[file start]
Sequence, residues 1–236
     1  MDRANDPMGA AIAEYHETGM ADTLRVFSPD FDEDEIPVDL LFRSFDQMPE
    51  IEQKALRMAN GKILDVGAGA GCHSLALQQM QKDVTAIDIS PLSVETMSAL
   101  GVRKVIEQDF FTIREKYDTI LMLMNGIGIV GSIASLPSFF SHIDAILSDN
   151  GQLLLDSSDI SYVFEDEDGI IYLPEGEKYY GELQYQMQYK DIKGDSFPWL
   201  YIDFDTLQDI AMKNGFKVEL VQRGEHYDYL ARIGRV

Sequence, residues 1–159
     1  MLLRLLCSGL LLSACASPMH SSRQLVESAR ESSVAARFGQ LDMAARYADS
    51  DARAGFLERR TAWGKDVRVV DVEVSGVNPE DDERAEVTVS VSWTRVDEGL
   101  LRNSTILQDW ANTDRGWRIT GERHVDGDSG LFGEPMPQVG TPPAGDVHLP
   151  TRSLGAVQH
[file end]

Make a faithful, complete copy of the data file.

Sequence, residues 1–236
     1  MDRANDPMGA AIAEYHETGM ADTLRVFSPD FDEDEIPVDL LFRSFDQMPE
    51  IEQKALRMAN GKILDVGAGA GCHSLALQQM QKDVTAIDIS PLSVETMSAL
   101  GVRKVIEQDF FTIREKYDTI LMLMNGIGIV GSIASLPSFF SHIDAILSDN
   151  GQLLLDSSDI SYVFEDEDGI IYLPEGEKYY GELQYQMQYK DIKGDSFPWL
   201  YIDFDTLQDI AMKNGFKVEL VQRGEHYDYL ARIGRV

Sequence, residues 1–159
     1  MLLRLLCSGL LLSACASPMH SSRQLVESAR ESSVAARFGQ LDMAARYADS
    51  DARAGFLERR TAWGKDVRVV DVEVSGVNPE DDERAEVTVS VSWTRVDEGL
   101  LRNSTILQDW ANTDRGWRIT GERHVDGDSG LFGEPMPQVG TPPAGDVHLP
   151  TRSLGAVQH